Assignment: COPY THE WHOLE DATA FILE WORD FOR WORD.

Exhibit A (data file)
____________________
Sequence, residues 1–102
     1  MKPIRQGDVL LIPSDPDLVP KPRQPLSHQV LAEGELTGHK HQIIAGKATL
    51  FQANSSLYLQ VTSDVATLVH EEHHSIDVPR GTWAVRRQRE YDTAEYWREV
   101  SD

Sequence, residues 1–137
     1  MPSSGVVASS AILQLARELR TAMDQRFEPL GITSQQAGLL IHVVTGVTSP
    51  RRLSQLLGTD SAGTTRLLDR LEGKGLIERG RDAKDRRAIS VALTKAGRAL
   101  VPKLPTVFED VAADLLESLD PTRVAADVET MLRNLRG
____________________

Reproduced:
Sequence, residues 1–102
     1  MKPIRQGDVL LIPSDPDLVP KPRQPLSHQV LAEGELTGHK HQIIAGKATL
    51  FQANSSLYLQ VTSDVATLVH EEHHSIDVPR GTWAVRRQRE YDTAEYWREV
   101  SD

Sequence, residues 1–137
     1  MPSSGVVASS AILQLARELR TAMDQRFEPL GITSQQAGLL IHVVTGVTSP
    51  RRLSQLLGTD SAGTTRLLDR LEGKGLIERG RDAKDRRAIS VALTKAGRAL
   101  VPKLPTVFED VAADLLESLD PTRVAADVET MLRNLRG